Windows® 10 for Business: Business demands for greater productivity and innovation continue to be challenged by the IT service constraints of delivering mobile and flexible computing within a secure environment. This is typified by the deployment of modern form factors, such as tablets and 2 in 1s devices. Here, organizations have struggled to balance management, access, and security with changing... user requirements, especially with the migration toward new mobile applications and web-based service environments.
Microsoft has sought to address these challenges through the development and deployment of its new operating system (OS), Windows 10. This focuses on a unified environment across PC, tablet, and mobile form factors, delivering seamless application experiences while maintaining secure access as one of its core features. By doing so, Microsoft is seeking to address the demands of the mobile-first and cloud-first strategies of the modern business, but a simple OS upgrade is only one element of this complex story.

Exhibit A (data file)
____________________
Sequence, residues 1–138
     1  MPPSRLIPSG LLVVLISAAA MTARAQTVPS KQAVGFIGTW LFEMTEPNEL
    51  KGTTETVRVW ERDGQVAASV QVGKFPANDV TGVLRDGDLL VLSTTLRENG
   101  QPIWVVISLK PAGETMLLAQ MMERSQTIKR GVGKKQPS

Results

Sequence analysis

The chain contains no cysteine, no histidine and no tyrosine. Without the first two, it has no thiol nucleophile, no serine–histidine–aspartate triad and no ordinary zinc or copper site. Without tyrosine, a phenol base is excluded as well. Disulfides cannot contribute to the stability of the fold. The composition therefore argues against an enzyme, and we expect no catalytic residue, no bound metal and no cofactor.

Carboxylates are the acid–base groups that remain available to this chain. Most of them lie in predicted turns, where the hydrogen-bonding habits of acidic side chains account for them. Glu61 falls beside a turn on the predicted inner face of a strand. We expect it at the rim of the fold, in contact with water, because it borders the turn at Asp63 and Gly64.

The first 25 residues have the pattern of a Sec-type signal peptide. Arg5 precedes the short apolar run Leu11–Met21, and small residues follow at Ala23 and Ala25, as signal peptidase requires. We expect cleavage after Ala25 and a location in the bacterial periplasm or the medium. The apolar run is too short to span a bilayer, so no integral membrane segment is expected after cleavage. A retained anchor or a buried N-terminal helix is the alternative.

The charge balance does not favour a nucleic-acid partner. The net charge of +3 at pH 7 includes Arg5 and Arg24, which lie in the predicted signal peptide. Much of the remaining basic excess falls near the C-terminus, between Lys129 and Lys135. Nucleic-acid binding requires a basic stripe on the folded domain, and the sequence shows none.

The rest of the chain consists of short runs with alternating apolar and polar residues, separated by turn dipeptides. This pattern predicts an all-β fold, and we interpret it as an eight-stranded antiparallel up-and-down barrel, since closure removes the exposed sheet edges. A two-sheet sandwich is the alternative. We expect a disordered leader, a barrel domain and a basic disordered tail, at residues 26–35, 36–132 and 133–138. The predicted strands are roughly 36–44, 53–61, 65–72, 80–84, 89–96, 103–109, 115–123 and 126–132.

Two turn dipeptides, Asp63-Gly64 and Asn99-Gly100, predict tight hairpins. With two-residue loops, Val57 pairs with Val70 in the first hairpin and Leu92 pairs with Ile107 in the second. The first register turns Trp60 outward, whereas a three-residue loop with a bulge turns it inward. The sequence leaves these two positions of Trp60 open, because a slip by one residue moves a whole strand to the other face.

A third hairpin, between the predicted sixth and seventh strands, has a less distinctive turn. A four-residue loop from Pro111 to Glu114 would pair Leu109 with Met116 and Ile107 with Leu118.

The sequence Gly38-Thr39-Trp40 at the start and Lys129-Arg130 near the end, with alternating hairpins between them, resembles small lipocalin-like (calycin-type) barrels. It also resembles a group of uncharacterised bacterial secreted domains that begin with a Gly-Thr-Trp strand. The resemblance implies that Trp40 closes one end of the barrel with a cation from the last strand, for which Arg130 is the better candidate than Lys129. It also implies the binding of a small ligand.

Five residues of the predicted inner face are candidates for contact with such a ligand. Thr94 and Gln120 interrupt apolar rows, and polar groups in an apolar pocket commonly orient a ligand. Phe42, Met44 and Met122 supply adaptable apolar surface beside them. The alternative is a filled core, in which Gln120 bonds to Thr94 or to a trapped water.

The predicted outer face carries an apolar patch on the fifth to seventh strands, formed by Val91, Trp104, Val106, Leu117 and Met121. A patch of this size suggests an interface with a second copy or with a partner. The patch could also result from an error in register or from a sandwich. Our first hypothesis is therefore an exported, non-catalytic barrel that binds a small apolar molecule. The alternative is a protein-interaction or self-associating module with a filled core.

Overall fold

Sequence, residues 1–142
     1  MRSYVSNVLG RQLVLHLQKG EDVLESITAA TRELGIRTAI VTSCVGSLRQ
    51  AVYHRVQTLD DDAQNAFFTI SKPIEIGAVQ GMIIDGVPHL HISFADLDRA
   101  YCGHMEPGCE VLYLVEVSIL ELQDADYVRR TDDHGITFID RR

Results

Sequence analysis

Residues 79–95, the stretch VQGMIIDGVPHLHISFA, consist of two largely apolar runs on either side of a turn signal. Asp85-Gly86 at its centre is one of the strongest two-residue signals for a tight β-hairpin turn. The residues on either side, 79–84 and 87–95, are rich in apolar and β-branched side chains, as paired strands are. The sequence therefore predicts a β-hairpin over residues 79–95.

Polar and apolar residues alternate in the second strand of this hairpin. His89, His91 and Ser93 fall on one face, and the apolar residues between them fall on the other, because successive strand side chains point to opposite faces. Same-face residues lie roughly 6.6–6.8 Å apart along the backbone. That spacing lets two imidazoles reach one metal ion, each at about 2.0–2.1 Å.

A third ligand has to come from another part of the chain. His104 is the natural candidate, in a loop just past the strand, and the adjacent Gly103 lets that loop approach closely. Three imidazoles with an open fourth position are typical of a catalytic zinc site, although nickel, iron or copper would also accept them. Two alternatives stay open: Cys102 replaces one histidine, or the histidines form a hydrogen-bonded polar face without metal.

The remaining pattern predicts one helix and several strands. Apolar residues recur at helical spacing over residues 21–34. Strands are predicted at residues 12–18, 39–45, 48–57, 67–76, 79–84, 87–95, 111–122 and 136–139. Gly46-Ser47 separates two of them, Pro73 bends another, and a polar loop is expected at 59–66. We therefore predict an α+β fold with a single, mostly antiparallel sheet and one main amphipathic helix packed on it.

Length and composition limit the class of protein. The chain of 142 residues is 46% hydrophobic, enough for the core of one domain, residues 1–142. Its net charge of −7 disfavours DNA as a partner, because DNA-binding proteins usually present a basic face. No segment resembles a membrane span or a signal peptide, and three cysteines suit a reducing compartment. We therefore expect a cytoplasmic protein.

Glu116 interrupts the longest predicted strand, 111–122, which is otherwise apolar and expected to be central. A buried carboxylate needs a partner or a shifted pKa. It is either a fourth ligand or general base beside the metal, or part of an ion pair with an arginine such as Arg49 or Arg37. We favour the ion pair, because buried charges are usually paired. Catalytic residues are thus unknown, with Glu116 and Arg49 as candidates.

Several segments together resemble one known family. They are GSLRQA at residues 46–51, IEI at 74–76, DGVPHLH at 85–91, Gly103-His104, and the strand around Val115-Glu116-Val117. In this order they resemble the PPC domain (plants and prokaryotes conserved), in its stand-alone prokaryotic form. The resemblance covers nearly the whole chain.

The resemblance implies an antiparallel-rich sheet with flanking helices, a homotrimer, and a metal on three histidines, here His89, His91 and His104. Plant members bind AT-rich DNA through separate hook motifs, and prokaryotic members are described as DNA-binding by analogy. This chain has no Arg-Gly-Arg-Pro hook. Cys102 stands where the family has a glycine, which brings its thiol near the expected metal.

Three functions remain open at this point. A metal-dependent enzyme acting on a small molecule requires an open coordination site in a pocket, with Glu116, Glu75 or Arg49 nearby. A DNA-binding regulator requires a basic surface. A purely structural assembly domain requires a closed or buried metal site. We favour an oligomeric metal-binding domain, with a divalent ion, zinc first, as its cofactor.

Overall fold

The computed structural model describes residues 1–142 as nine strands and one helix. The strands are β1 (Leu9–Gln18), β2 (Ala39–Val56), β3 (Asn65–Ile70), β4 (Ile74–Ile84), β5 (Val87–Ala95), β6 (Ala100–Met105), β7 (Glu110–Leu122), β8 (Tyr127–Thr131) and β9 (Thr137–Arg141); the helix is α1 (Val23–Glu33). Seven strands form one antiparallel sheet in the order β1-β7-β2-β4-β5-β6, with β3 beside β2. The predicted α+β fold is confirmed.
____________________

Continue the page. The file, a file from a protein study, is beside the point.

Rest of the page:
With Windows 10 upgrades free to users of more recent Windows* OS environments (7, 8.x), IDC survey data indicates that many businesses will upgrade part of their estate to this new OS within the next year. Without access to the modern hardware on which Windows 10 was built to run, however, many of the key features of the OS will fail to deliver their full benefits.
The new capabilities of Windows 10 — such as biometric authentication, universal application deployment, and a seamless app experience — demand the capabilities of a new generation of hardware to properly enable and support them. By its very nature, this needs to be across desktop PCs, notebook PCs, and tablets, as well as future support for smartphones as they become embedded in business processes. With the move to Windows 10, organizations have a chance to rethink and upgrade the client computing hardware base to support the benefits of moving to a new OS environment.